We are required to tell you about privacy because of a federal law, the Health Insurance Portability and Accountability Act of 1996 (HIPAA). HIPAA requires us to keep your PHI private and to give you this notice about our legal duties and our privacy practices. We will obey the rules described in this notice. You will be notified immediately in the event of a breach of your protected health information. If we change our privacy practices, they will apply to the entire PHI we keep. We will also post the new notice of privacy practices in our office where everyone can see. You or anyone else can also get a copy from our privacy officer at any time. It is also posted on our website   www.etsu.edu/cas/psychology/bhwc.

C. How your protected health information can be used and shared

Except in some special circumstances, when we use your PHI in this office or disclose it to others, we share only the minimum necessary PHI needed for those other people to do their jobs. The law gives you rights to know about your PHI, to know how it is used, and to have a say in how it is shared. So we will tell you more about what we do with your information.

Mainly, we will use and disclose your PHI for routine purposes to provide for your care, and we will explain more about these below. We will not sell any information for marketing or sales. For other uses, we must tell you about them and ask you to sign a written authorization form. However, the law also says that there are some uses and disclosures that don’t need your consent or authorization.

1. Uses and disclosures with your consent

After you have read this notice, you will be asked to sign a separate consent form to allow us to use and share your PHI. In almost all cases we intend to use your PHI here or share it with other people or organizations to provide treatment to you, arrange for payment for our services, or some other business functions called “health care operations.”  In other words, we need information about you and your condition to provide care to you. You have to agree to let us collect the information, use it, and share it to care for you properly. Therefore, you must sign the consent form before we begin to treat you. If you do not agree and consent we cannot treat you. We will never sell or share information about you for marketing or sales.

a. The basic uses and disclosure

Next, we will tell you more about how your information will be used for treatment, payment, and healthcare operations.

For treatment:  We use your medical information to provide you with psychological treatments or services. These might include individual, family, or group therapy; psychological, educational, or vocational testing; treatment planning; or measuring the benefits of our services.

We may share your PHI with others who provide treatment to you. We are likely to share your information with your personal physician. If you are being treated by a team, we can share some of your PHI with the team members, so that the services you receive will work best together. The other professionals treating you will also enter their findings, the actions they took, and their plans into your medical record, and so we all can decide what treatments work best for you and make up a treatment plan. We may refer you to other professionals or consultants for services we cannot provide. When we do this, we need to tell them things about you and your conditions. We will get back their findings and opinions, and those will go into your records here. If you receive treatment in the future from other professionals, we can also share your PHI with them. These are some examples so that you can see how we use and disclose your PHI for treatment.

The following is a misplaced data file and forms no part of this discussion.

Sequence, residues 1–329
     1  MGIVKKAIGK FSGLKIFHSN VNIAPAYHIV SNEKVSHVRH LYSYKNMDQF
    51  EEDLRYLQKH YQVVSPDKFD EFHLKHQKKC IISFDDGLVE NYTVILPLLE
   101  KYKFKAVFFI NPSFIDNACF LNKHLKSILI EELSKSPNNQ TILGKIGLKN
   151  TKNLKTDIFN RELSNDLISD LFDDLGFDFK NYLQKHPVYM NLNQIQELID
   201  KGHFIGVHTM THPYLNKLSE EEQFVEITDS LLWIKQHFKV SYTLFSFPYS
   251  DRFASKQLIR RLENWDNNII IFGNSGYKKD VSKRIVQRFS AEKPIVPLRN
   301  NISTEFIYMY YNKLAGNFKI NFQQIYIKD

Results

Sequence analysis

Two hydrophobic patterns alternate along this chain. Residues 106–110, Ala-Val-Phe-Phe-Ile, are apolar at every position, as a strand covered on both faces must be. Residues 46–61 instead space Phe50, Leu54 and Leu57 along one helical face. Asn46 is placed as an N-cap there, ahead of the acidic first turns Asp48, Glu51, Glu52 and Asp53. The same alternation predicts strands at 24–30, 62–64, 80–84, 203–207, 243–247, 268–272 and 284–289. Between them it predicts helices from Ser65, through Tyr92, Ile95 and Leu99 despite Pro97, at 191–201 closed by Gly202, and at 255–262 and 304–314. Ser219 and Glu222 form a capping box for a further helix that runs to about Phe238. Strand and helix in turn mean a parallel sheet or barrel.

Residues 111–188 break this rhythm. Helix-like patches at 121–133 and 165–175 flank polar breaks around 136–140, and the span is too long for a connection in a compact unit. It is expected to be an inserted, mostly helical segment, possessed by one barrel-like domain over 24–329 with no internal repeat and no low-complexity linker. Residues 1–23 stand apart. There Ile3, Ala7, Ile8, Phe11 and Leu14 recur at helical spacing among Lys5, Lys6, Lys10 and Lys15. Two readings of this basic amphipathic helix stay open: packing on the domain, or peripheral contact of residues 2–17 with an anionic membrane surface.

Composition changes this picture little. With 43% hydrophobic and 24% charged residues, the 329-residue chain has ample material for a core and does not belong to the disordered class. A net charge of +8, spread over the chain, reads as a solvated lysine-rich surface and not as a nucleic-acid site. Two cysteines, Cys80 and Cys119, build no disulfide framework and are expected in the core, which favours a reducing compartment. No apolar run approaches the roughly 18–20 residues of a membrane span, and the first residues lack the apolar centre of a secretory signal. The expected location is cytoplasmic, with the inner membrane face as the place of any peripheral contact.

For payment:  We may use your information to bill you or other responsible parties so we can be paid for the treatments we provide to you.

For health care operations:  Using or disclosing your PHI for health care operations goes beyond our care and your payment. For example, we may use your PHI to see where we can make improvements in the care and services we provide. We may be required to supply some information to some government health agencies, so they can study disorders and treatment and make plans for services that are needed. If we do, your name and personal information will be removed from what we send.

b. Other uses and disclosures in health care

Appointment reminder:  We may use and disclose your PHI to reschedule or remind you of appointments for treatment or other care. If you want us to call or write to you only at your home or your work, or you prefer some other way to reach you, we usually can arrange that. Just tell us.

Treatment alternatives:  We may use and disclose your PHI to tell you about or recommend possible treatments or alternatives that may be of help to you.

Other benefits and services:  We may use and disclose your PHI to tell you about health-related benefits or services that may be of interest to you.

Research:  We may use or share your PHI to do research to improve treatments—for example, comparing two treatments for the same disorder, to see which works better or faster or costs less. In all cases, your name, address, and other personal information will be removed from the information given to researchers. If they need to know who you are, we will discuss the research project with you, and we will not send any information unless you sign a special authorization form.

Business associates:  We may hire other businesses or individuals to do some jobs for us. In the law, they are called our “business associates.” Examples might include a billing service to figure out, print, and mail our bills or a child care attendant. These business associates need to receive some of your PHI to do their jobs properly. To protect your privacy, they have agreed in their contract with us to safeguard your information.

2. Uses and disclosures that require your authorization